The Handmaiden ★★★★

This review may contain spoilers. I can handle the truth.

This review may contain spoilers.

Audacious adaptation of Sarah Waters' gothic historical novel of thievery and deception in Victorian England, Fingersmith, turns out -- in Park Chan-wook's hands -- to be an over-the-top, visually sumptuous and truly irresistible fusion of Erich von Stroheim's Foolish Wives, Henri Georges-Clouzot's Diabolique and, er, the '90s sex thriller Wild Things, with Ha Jung-woo's absurd "Count" out to deceive and rob an aged, pervy Japanese book collector by seducing his heiress with the help of a pickpocket. Kim Min-hee and Kim Tae-ri's work in the latter two roles is engaging, witty (it's quite surprising how straightforwardly funny a lot of the film is) and fearless, fully selling a duplicity that brings us along for the ride while allowing us to look back on the experience in retrospect with new enlightenment. Particularly in the first half, Park takes advantage of not just Korea's natural beauty but the visual lexicon of Merchant-Ivory films, which he gleefully subverts in favor of a narrative deeply reliant on both genuine, casual and hard-won eroticism and lurid, dirty-old-man sexuality -- for the longest time, this is a line he seems anxious to blur, until he almost magically brings it all together and marks the clearest of lines between pleasure and exploitation. Beautiful and indulgent in equally elevated measures, it's a wickedly funny treatise on the final superfluousness of the grabby, horny, greedy male.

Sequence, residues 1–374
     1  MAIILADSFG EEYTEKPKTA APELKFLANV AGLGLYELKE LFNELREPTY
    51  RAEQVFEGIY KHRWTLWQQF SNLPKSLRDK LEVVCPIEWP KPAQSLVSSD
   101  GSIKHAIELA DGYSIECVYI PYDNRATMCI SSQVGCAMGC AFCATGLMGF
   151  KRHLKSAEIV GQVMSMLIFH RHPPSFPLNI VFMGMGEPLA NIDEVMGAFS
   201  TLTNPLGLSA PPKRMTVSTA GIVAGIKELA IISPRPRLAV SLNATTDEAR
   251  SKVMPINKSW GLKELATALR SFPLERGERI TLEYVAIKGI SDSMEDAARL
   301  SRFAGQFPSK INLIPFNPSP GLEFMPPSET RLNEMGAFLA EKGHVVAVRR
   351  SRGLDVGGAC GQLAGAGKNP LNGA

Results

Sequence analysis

Never thought I'd get so much pleasure out of a book-destroying sequence.